Switch to a dough hook and gradually add more flour, about ¼ cup at a time. Knead the dough at medium speed between additions until the dough pulls completely away from the sides of the bowl and is smooth and not too sticky. You may not need all of the remaining flour. The dough will be quite soft.
Grease a large bowl with butter or cooking spray, then transfer the dough to the bowl and turn to coat. Cover with plastic wrap and allow to rise in a warm place for 30 minutes. After it has rested, gently punch down the dough and refrigerate it for at least 2 hours.
While the dough is chilling, make the pastry cream. In a medium bowl, whisk together the cornstarch and ½ cup of milk. Set aside. Combine the remaining milk and sugar in a medium saucepan; heat until the mixture just starts to bubble. Remove from heat.
Beat the whole eggs and yolks into the cornstarch/milk mixture. Pour about ⅓ of the milk mixture into the egg mixture, whisking constantly so the eggs do not cook. Return the remaining milk mixture to a boil. Pour in the hot egg mixture in a stream, whisking constantly until the mixture thickens. Remove from heat and stir in the peanut butter. Whisk until the peanut butter is melted and well combined. Add the salt, then stir in bourbon to taste. Transfer to a bowl and cover with plastic wrap. Place in the refrigerator until ready to use.
Next, make the streusel. Heat oven to 350°. Place the flour, peanut butter, sugar, brown sugar and salt in a small bowl. Add the melted butter and toss the ingredients together with a fork. Pour the mixture onto a metal baking sheet and bake for 5-10 minutes or until golden and fragrant.
Let the streusel cool on the pan completely. Crumble streusel with your fingers and mix in the chocolate chips. Reserve for later use.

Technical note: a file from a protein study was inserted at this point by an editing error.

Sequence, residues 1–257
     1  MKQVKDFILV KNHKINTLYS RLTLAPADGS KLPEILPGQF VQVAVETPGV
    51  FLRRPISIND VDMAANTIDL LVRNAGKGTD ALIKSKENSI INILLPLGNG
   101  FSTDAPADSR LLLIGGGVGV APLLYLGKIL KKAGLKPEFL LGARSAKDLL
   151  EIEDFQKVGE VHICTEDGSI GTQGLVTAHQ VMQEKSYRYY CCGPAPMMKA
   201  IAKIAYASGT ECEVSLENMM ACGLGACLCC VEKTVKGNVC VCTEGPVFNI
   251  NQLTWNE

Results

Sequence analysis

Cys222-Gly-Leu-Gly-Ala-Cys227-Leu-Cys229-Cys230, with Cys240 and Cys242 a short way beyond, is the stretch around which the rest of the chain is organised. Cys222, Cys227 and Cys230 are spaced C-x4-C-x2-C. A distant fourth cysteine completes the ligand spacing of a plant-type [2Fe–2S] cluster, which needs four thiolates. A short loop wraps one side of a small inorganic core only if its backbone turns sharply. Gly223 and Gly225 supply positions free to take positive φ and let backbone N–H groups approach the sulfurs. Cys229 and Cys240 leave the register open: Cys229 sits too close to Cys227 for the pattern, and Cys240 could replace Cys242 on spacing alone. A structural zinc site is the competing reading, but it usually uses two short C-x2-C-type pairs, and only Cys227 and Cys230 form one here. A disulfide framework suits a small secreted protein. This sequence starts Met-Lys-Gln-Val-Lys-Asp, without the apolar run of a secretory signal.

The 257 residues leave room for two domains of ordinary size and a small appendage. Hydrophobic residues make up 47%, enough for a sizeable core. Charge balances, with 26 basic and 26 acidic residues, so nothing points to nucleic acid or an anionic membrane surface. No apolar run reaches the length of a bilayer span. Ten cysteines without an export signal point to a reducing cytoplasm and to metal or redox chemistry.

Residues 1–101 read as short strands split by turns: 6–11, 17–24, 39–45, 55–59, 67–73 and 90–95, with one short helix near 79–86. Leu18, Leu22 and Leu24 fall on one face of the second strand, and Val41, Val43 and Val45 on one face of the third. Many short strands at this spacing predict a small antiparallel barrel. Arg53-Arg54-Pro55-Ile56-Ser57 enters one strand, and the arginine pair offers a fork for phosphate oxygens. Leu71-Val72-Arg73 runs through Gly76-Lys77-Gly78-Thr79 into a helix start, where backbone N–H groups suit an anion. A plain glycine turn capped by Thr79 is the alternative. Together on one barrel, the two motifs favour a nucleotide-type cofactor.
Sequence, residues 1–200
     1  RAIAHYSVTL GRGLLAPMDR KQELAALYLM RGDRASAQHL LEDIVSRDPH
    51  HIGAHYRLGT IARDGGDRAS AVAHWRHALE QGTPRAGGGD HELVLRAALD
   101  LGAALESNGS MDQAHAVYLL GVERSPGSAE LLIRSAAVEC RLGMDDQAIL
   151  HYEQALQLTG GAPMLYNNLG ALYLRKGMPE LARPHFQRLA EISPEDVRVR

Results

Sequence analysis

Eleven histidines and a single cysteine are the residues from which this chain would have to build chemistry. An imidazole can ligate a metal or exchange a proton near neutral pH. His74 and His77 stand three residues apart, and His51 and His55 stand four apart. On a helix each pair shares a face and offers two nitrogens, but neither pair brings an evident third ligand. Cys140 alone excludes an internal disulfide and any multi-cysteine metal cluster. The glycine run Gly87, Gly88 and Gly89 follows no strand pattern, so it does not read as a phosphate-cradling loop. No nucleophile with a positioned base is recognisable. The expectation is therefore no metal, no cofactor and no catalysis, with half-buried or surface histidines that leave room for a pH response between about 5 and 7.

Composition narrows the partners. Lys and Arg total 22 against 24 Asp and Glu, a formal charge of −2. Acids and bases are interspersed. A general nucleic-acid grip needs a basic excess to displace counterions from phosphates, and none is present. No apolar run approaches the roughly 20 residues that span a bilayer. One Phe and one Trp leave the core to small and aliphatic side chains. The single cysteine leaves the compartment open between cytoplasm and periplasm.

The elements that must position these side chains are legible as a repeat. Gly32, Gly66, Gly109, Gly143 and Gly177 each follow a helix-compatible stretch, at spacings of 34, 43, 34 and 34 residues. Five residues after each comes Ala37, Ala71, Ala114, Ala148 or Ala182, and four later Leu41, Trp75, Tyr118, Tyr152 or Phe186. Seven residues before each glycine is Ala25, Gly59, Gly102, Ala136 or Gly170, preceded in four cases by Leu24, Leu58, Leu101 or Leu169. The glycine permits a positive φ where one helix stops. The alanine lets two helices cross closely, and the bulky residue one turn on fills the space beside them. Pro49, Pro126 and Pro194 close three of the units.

When ready to cook the doughnuts, line a baking sheet with a lightly floured tea towel. Lightly flour a work surface and roll out dough to ½-inch thick. With a 3-inch pastry ring or cookie cutter, cut out rounds. Place the doughnuts on the lined baking sheet 1 inch apart and cover with plastic wrap. Let sit in a warm spot to proof until they almost double in size, about 30-40 minutes.
While you wait for the donuts to rise, heat a Dutch oven or heavy-bottomed pot with at least 2 inches of oil until a thermometer registers 360˚F. You may have to continually adjust the heat setting to keep the oil at the proper temperature.
Once the oil is hot, carefully drop in a few doughnuts at a time, taking care not to overcrowd your pot. Fry for 1-2 minutes on each side, until they turn a light golden brown. Remove with a large slotted spoon or spider strainer to a paper towel lined baking sheet. Repeat with remaining doughnuts. Allow to cool to room temperature.
Meanwhile, prepare the glaze. Combine butter, milk, corn syrup (this adds extra sheen to the glaze, but you can omit it if desired), and vanilla in medium saucepan and warm over medium heat until butter is melted. Decrease the heat to low, add the chocolate, and whisk until melted. Add the pinch of salt. Off the heat, whisk in the powdered sugar until smooth.
When ready to assemble the doughnuts, transfer the pastry cream to a piping bag fitted with a large plain pastry tip. Place the tip inside the doughnut and squeeze about 2 tablespoons of cream into each pastry. You should feel the doughnut expand slightly in your hand. Repeat until all the doughnuts are filled.
Return the glaze to low heat if it is too thick for dipping. Dip the tops of each doughnut into the glaze and allow the excess to run off. Let each donut stand for about 30 seconds, and then sprinkle on or dip in the streusel. Sprinkle on sea salt, if desired. Repeat until all the doughnuts are glazed.
The assembled doughnuts can be left at room temperature for several hours and are best eaten fresh. However, you can refrigerate and gently reheat in the microwave the next day.